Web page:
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Rees v 82 Portland Place Investments LLP and another [2020] EWHC 1177 (Ch)

The sanctity of the title register prevails – the court refuses to allow the register to be rectified despite the serious financial consequences that result.

01 July 2020

The sanctity of the title register prevails – the court refuses to allow the register to be rectified despite the serious financial consequences that result.


The tenant (R) bought a flat in 2011 with the benefit of a notice claiming a lease extension under section 42 of the Leasehold Reform, Housing and Urban Development Act 1993 (the 1993 Act). As there was an ongoing collective enfranchisement claim for the building, R’s claim was suspended (as provided for by section 54 of the 1993 Act).

A right to a lease extension arising from a notice served under the 1993 Act cannot be an overriding interest and must be registered as a notice on the freehold title to bind buyers of the freehold. However, the Land Registry incorrectly refused R’s application to register a unilateral notice against the freehold title.

Following completion of the collective enfranchisement process in 2017, a nominee buyer (PPF) became registered as proprietor of the freehold. PPF then granted an overriding lease of R’s flat to a new head lessee (PPI). PPF and PPI argued that they were not bound by R’s claim for a new lease on the basis of section 29 of the Land Registration Act 2002 (the 2002 Act) (which, broadly speaking, provides that a buyer for valuable consideration takes a property subject to all interests on the register and all overriding interests, but free of everything else).

R served a second notice of claim for a new lease on PPF and PPI, without prejudice to her contention that the first notice was valid and enforceable. The difference in the premium payable under the two claims was substantial (about £1.8m). R therefore sought an order rectifying the title registers of PPF and PPI to correct the Land Registry's failure to register her original unilateral notice.


Was it unjust for an order for rectification of the register not to be made?

[Under Schedule 4 of the 2002 Act, where the registered proprietor is in possession of land (and, for these purposes, a landlord is treated as being in possession), no order for rectification may be made without the consent of the registered proprietor unless the registered proprietor has, by fraud or lack of proper care, caused or substantially contributed to the mistake or it would for any other reason be unjust for the alteration not to be made.]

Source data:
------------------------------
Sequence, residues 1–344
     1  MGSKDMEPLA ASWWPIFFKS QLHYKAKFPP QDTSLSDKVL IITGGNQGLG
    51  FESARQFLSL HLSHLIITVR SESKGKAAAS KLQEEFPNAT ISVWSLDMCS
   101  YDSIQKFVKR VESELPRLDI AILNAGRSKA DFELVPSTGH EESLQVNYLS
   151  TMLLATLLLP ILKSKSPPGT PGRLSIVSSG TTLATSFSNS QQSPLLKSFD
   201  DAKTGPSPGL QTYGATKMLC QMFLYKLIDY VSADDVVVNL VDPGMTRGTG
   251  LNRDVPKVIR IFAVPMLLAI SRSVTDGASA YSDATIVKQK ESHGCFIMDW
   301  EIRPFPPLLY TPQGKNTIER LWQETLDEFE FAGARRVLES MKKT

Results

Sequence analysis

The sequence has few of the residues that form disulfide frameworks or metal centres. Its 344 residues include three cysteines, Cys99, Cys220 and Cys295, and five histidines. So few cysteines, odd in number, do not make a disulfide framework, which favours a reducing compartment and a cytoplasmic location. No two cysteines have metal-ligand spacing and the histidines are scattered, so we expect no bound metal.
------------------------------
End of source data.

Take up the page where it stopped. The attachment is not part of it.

Neither the seriousness of the Land Registry’s error, PPF’s knowledge that no unilateral notice had been registered against the freehold title, the substantial detriment to R because of the likely increase in the premium payable for a new lease nor the corresponding windfall benefit that would accrue to PPI made it unjust not to rectify the register.

Points to note/consider

  1. As the judge in this case pointed out, if mere knowledge of the existence of an unprotected interest could expose a potential buyer of a registered title to the risk of a rectification claim, the buyer is in a difficult position. It would either have to take the risk or seek to negotiate an indemnity or a price reduction with the seller.

    This case is important therefore as it reaffirms the sanctity of the title register as the basic premise of registered conveyancing (with the only exception being the category of overriding interests). A buyer must be able to take the title register as it finds it, even if the buyer knows about (or suspects) the existence of an unprotected third party interest (apart from anything else, how does a buyer know whether a conscious decision has been made not to protect an interest or whether it has happened by mistake). This is the case even if the financial consequences for the other party are very serious (although it should not be overlooked that, in this case, R would potentially still be able to claim an indemnity for her losses from the Land Registry under Schedule 8 of the 2002 Act).

  2. This case also shows that the Land Registry is not infallible and that if a conveyancer believes that the Land Registry has misinterpreted the law and incorrectly refused to register an interest, they should be prepared to challenge the Land Registry on the point.



David Harris

Professional Development Lawyer

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